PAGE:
New Report: D.C. Area Really Does Have the Worst Traffic in the U.S.

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    NEWSLETTERS

    Washington, D.C. has the worst traffic congestion in the nation, according to a new report from the Texas A&M Transportation Institute.

    It's an honor no metro area wants, and it's all D.C.'s: We have the worst traffic congestion in the nation.

    That's according to a new report from the Texas A&M Transportation Institute, released Tuesday, reports News4 Transportation Reporter Adam Tuss.

    The D.C. region's traffic is worse than chronically choked L.A., San Francisco and New York, the report says.

    How the D.C. Area Can Improve Congestion

    [DC] How the D.C. Area Can Improve Congestion
    Traffic and transportation improvements could ease the D.C.-area's top-ranked traffic congestion.

    "It's pretty bad -- most of the time it's pretty bad," said driver Lisa Tilcott. "I have a short commute, but I have been in it a lot and don't like it."

    The Institute's new Urban Mobility Report contains data from 2011. And it says D.C.-area drivers wasted an average of 67 hours that year stuck in traffic.

    That's almost two full work weeks spent behind the wheel each year.

    All that sitting around wastes about 32 gallons of gas. Overall, the congestion cost -- including wasted gas and time -- per commuter, per year around here is almost $1,400.

    The report also says we have the most unreliable roads in the region when it comes to travel time. A trip that would take you 20 minutes in the middle of the night could take 2 hours during a rush hour.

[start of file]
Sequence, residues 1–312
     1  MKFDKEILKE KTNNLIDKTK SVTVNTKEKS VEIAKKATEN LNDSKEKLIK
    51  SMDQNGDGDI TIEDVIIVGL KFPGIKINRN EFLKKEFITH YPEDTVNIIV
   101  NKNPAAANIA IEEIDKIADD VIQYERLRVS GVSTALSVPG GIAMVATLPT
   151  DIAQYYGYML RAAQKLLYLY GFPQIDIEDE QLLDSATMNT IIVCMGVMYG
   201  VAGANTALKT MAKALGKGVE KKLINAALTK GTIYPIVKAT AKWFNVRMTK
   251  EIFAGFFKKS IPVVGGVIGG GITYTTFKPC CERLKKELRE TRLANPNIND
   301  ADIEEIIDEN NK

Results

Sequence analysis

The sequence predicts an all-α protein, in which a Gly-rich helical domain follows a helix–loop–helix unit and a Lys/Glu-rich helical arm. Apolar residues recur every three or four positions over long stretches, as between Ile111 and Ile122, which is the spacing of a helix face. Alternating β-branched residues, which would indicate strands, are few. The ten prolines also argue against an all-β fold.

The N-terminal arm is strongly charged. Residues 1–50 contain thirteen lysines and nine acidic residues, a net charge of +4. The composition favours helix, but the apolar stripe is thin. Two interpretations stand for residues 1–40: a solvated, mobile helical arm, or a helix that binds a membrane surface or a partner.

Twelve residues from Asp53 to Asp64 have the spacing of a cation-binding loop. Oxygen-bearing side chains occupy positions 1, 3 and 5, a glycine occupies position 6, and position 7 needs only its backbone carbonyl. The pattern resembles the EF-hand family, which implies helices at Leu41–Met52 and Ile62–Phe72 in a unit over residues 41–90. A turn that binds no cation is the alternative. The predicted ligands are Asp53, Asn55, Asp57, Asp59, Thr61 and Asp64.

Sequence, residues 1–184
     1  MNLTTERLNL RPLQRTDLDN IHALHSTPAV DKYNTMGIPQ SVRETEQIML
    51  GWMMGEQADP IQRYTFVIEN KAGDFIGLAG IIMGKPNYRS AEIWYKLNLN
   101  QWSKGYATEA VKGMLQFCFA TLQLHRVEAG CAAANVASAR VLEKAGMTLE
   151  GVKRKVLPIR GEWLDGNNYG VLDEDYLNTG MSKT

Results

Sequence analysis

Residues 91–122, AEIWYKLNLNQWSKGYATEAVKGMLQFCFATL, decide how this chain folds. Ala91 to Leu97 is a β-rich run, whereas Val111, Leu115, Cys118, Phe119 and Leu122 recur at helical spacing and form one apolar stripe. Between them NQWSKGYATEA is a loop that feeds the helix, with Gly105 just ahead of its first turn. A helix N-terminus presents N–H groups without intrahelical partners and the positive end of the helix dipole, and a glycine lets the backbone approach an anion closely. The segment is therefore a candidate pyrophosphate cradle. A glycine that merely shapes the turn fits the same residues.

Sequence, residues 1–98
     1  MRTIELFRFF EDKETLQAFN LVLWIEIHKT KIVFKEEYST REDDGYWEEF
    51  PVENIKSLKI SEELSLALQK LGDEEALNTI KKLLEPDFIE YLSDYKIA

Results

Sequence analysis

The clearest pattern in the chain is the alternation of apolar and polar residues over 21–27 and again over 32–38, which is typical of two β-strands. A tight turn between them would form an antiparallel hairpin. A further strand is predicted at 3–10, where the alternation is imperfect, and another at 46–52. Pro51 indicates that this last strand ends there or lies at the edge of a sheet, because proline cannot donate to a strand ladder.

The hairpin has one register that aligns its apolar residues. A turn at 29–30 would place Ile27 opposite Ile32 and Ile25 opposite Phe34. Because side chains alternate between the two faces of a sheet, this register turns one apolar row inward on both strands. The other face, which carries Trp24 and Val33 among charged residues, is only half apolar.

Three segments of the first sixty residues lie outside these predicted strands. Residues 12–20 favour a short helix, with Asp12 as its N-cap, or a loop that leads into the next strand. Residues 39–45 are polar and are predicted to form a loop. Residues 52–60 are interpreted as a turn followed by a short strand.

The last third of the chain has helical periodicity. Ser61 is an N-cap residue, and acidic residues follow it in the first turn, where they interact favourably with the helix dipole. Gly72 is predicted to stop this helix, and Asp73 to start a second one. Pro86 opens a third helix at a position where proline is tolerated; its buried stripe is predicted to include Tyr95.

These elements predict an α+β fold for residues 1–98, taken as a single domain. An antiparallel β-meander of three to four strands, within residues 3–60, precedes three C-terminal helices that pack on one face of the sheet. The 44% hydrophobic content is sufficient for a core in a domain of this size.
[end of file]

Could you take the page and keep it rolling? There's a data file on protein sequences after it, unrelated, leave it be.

Across the nation, traffic congestion costs drivers $121 billion, or $818 per commuter, in gas and lost time. And the additional carbon dioxide emissions from traffic congestion equalled 56 billion pounds nationwhide -- about 380 pounds per auto commuter.

    Congestion across the nation is actually down from its peak in 2005, the report says, though the Institute said that was likely a result of a slower U.S. economy and that congestion may worsen as the economy improves.

    In the D.C. area, drivers have their own thoughts about why the ride is so tough.

    "Too many people driving and not enough highway bandwidth -- that's the reason," said Phil Ledwell.

    Others try and avoid the main roads like the Beltway.

    "It's a couple of miles and I end up stuck n traffic, so I go the back way," said Matt Martin.

    And still others are resigned to the slow roll.

    "It's pretty bad, but I think it's something you deal with living in the area," said Adriana Dufflin. "You just suck it up."

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